Monday, March 21, 2011

Buffalo Sponge Candy

Sometimes, being a chemist comes in very handy in the kitchen. In my previous candy experiments you might have noticed the massive amount of molten sugar I’ve been working with. From the marshmallows to the taffy and the butterfinger bars, I’ve been going through pounds and pounds of sugar and my kitchen is getting pretty sticky. (I found some rogue purple sugar this morning while toasting a bagel!) This danger of the sugar is not what makes my PhD an asset, it is my familiarity with failure.

Failure Number 1
As a synthetic organic chemist, one gets pretty used to failure. You begin with a plan on paper and you set upon this path. A new project is exciting, you order your reagents and get everything in order.  At first things go well and your chemistry works!  Then you hit a wall. Perhaps a reaction that you expected to work one way does nothing at all, or worse, something unexpected. The reaction could even destroy all of the forward progress that you have already made, sending you months back.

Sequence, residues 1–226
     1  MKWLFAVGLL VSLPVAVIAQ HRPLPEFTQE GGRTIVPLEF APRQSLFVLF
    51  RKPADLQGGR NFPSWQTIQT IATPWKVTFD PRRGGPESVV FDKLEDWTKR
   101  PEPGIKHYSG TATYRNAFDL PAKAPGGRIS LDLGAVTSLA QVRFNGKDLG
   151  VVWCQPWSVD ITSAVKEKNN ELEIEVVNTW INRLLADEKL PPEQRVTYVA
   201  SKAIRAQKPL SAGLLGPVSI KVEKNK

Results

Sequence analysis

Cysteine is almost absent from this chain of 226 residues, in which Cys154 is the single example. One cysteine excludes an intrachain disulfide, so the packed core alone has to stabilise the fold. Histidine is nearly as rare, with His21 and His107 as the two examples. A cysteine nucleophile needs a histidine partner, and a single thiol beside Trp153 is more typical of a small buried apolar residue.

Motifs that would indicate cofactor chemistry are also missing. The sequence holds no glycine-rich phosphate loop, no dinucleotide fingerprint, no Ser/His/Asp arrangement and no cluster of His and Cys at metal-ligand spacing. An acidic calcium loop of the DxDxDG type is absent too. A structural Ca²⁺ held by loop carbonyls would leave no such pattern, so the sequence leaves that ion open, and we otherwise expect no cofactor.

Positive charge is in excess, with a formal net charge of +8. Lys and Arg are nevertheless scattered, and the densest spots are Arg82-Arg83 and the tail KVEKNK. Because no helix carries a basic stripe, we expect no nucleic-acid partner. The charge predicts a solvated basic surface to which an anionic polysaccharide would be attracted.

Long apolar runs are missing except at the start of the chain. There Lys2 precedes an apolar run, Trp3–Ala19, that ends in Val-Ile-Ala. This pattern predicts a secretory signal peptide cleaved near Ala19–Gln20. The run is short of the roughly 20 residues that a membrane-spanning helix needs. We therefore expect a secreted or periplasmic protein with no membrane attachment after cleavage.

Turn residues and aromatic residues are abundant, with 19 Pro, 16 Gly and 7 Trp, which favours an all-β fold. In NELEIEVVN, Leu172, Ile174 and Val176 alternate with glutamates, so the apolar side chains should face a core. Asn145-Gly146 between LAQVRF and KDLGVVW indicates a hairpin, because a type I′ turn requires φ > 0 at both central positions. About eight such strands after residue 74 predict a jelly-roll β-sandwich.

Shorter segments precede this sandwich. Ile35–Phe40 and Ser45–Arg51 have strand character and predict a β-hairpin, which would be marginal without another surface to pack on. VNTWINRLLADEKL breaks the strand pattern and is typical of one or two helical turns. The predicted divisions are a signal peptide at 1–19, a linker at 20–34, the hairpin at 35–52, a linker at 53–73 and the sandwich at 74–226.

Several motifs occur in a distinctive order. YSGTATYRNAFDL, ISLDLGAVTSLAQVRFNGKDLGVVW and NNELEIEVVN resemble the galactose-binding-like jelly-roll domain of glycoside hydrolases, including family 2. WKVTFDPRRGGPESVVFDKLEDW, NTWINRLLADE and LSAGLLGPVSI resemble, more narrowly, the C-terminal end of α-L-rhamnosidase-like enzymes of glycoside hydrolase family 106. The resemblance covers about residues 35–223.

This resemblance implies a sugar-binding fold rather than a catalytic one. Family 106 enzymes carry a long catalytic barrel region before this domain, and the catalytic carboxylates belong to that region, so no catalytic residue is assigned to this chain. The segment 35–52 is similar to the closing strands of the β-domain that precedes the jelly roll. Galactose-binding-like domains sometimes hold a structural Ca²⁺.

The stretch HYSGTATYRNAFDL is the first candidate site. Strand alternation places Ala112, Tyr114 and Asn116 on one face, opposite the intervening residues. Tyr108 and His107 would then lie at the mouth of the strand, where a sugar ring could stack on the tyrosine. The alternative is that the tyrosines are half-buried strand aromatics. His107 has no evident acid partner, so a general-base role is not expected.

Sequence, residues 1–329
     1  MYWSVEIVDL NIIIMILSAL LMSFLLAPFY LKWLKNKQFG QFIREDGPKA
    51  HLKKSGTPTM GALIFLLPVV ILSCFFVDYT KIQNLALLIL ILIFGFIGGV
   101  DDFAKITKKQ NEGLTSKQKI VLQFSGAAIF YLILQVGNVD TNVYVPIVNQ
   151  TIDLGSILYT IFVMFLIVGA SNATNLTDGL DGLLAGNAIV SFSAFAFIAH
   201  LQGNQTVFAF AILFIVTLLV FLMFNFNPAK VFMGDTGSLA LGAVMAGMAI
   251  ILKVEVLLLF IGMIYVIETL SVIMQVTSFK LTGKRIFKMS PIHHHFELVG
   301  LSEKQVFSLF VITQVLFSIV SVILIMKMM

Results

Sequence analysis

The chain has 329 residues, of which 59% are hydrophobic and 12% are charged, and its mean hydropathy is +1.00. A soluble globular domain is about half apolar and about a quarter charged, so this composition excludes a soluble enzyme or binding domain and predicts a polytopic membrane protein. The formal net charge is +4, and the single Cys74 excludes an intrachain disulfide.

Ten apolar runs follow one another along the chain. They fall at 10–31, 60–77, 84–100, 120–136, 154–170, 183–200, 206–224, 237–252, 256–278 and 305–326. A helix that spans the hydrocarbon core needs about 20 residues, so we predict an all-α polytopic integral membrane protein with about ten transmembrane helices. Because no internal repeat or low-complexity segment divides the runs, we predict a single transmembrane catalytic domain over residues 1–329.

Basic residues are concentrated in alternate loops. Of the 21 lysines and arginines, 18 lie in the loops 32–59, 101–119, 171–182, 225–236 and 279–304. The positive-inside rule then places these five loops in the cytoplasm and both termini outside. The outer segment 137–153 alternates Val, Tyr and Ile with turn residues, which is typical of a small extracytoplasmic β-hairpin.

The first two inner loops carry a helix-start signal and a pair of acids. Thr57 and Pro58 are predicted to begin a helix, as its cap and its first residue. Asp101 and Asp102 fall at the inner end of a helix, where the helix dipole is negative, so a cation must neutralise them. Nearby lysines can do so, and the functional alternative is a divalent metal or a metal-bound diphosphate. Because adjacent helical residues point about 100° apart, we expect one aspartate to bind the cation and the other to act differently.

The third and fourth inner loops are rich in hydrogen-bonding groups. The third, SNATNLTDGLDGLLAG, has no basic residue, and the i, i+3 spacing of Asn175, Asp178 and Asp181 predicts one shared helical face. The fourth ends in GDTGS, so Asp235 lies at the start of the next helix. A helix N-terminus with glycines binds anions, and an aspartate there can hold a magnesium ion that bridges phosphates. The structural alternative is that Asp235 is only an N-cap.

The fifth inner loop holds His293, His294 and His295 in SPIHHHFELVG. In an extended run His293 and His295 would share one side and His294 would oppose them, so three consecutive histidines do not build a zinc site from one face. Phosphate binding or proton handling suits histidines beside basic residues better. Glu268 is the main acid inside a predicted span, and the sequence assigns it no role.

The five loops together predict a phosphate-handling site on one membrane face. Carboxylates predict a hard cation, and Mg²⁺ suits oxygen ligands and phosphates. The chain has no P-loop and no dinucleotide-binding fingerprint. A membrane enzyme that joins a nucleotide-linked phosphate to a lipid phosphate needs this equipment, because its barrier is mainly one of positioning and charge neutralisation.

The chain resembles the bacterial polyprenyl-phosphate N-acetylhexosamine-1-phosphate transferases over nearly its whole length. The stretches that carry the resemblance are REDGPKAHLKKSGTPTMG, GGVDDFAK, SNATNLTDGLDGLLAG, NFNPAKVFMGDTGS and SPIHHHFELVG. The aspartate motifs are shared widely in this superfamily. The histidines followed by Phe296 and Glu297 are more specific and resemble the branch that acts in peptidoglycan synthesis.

Failure Number 2
Your original plan gets torn apart after a series of failures and you re-write your scheme. No matter how many failures you have there is still that end goal in sight, the completed molecule. You’ve got to finish the project! So, no matter how many failures you have and how many walls you hit you eventually find a way. Success comes to the persistent and persistence pays off (with candy).

At Last!  Sweet Success